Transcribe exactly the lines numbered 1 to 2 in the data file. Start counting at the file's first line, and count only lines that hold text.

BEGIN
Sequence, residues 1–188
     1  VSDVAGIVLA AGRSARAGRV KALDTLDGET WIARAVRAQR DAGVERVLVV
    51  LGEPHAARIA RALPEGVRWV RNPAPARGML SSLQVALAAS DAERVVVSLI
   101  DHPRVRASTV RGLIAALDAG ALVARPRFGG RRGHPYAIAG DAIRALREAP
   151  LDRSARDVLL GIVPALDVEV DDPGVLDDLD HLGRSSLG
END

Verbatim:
Sequence, residues 1–188
     1  VSDVAGIVLA AGRSARAGRV KALDTLDGET WIARAVRAQR DAGVERVLVV